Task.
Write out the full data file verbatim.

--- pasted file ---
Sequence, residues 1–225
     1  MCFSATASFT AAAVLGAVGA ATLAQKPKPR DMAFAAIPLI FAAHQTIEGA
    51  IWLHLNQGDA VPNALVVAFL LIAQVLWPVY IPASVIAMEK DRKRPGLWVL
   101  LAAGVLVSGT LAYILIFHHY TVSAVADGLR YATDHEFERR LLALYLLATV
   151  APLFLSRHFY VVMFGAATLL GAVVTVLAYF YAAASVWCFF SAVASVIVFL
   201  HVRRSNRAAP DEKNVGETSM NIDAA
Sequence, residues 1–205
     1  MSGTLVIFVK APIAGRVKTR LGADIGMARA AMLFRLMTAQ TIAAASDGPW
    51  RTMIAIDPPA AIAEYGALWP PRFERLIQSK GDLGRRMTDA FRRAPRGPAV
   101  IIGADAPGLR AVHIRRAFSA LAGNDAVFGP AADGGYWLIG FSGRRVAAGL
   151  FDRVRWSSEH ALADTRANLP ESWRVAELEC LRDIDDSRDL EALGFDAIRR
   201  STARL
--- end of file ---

Sequence, residues 1–225
     1  MCFSATASFT AAAVLGAVGA ATLAQKPKPR DMAFAAIPLI FAAHQTIEGA
    51  IWLHLNQGDA VPNALVVAFL LIAQVLWPVY IPASVIAMEK DRKRPGLWVL
   101  LAAGVLVSGT LAYILIFHHY TVSAVADGLR YATDHEFERR LLALYLLATV
   151  APLFLSRHFY VVMFGAATLL GAVVTVLAYF YAAASVWCFF SAVASVIVFL
   201  HVRRSNRAAP DEKNVGETSM NIDAA
Sequence, residues 1–205
     1  MSGTLVIFVK APIAGRVKTR LGADIGMARA AMLFRLMTAQ TIAAASDGPW
    51  RTMIAIDPPA AIAEYGALWP PRFERLIQSK GDLGRRMTDA FRRAPRGPAV
   101  IIGADAPGLR AVHIRRAFSA LAGNDAVFGP AADGGYWLIG FSGRRVAAGL
   151  FDRVRWSSEH ALADTRANLP ESWRVAELEC LRDIDDSRDL EALGFDAIRR
   201  STARL